Q: “How Do I Measure College Readiness for My Teen with ADHD?”
There is no test to score college readiness. For teens with ADHD, the best indication may be this: Can they recognize when they need help and ask for it?
Q: “My son will be starting college this Fall. He still struggles with time management and organization, and I’m worried about how he will do in a new, challenging environment on his own, especially with ADHD. How do I know if my son is actually ready for college?” – ConcernedMom
I feel your pain. I vividly remember watching my son navigate his senior year and all the responsibilities that came with it wondering the same!
A wise man once told me that college is 70% life skills and 30% study skills, and it’s that 70% that will make you successful both in learning and in life. To this day, I believe that to be true.
This is why I call myself an academic/life coach. Academic skills are super important; don’t get me wrong. But in my experience, they are more easily learned than are life skills.
I’ve seen my coaching students develop good study habits, learn how to plan their time, or learn to write effective papers utilizing their college’s academic and tutoring resources and accommodations. However, day-to-day success tends to flow most from the life skills I help my students with ADHD and executive functioning challenges establish, and the situations I help them navigate.
[Essential Reading: Conquering College with ADHD]
Here are a few questions to ask yourself:
- Is your son able to get up on his own in the morning, get himself ready, and get out the door in time for school?
- Can he articulate his challenges and the accommodations he needs to his teachers to make sure he’s receiving them? And if not, does he know who and how to ask for help?
- Does he practice self-care? Shower every day? Do his own laundry? Prepare a few basic dishes? Keep his room fairly clean and organized?
Having these types of skills before heading off to college is important to your student’s success.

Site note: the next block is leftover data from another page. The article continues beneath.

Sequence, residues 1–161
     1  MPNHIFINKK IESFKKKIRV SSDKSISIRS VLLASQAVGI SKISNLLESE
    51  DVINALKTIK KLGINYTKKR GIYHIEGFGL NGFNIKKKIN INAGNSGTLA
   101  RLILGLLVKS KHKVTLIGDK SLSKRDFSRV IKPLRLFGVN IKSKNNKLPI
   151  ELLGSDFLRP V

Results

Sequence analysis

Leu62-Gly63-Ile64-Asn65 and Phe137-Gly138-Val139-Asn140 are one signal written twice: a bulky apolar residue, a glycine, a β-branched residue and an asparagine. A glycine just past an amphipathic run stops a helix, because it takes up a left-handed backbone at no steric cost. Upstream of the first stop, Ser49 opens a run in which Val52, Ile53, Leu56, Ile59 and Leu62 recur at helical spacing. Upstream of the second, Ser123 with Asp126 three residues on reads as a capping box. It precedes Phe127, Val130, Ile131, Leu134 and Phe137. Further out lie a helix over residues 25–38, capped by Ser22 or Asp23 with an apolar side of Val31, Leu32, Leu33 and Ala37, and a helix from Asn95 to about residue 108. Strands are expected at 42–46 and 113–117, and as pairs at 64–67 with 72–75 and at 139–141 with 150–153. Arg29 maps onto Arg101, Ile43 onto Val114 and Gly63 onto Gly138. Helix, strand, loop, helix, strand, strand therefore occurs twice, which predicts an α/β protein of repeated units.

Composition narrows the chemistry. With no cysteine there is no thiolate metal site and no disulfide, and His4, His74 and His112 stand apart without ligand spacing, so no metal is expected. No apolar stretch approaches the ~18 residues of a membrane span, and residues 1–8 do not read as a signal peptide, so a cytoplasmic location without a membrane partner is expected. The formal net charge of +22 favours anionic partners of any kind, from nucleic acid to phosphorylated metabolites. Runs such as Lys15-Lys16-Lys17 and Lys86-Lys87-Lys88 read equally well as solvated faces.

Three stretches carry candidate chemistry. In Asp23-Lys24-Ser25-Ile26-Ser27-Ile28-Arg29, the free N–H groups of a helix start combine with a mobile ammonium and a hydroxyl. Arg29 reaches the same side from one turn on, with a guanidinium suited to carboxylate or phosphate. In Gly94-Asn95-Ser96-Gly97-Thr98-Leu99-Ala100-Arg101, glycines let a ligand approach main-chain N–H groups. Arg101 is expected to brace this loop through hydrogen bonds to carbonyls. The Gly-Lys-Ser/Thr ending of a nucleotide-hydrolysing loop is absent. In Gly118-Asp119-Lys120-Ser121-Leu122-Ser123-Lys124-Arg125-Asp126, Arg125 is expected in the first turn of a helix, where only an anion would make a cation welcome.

I actually asked my children, two college grads themselves, to weigh in with their thoughts.
[Read This: 5 Factors That Influence Success in College]
MADDIE: Truthfully, I don’t think anyone’s ever 100% ready for college, and that’s half the fun. Here’s a story: I went to school in St. Louis but had a close friend from New Jersey. So, imagine my surprise when she popped into my room one day and asked me to teach her how to pump gas — a life skill ingrained in me since I received my permit! Now, this isn’t to say being able to pump your own gas is a requirement for college, but it demonstrates how important it is to be your own motivator and advocate. My friend recognized that she needed to learn how to pump gas, so she got up and figured out how to get it done.
College is not about knowing all the answers. It’s about understanding and identifying what you need, communicating that to those around you who can help, and establishing the tools you need to get it done.
ELI: To be perfectly candid, I don’t really know if I was ready for college. Just about everything I was taught in terms of getting ready for college was so ingrained in my lifestyle and how I functioned generally. However, the absolute most important and effective piece of advice my mother gave me was to write things down in a planner. It absolutely worked! Seeing my whole week at a glance and having every assignment, event, and appointment laid out for me allowed me to have a greater handle over my time. If I could see it, I did it.
One more piece of food for thought: Sit down with your son and ask him how he is feeling. Allow him to relay his comfort level to you. For many of my student clients, college was an opportunity to live independently, improve their social confidence, and gain maturity.
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ADHD Family Coach Leslie Josel, of Order Out of Chaos, will answer questions from ADDitude readers about everything from paper clutter to disaster-zone bedrooms and from mastering to-do lists to arriving on time every time.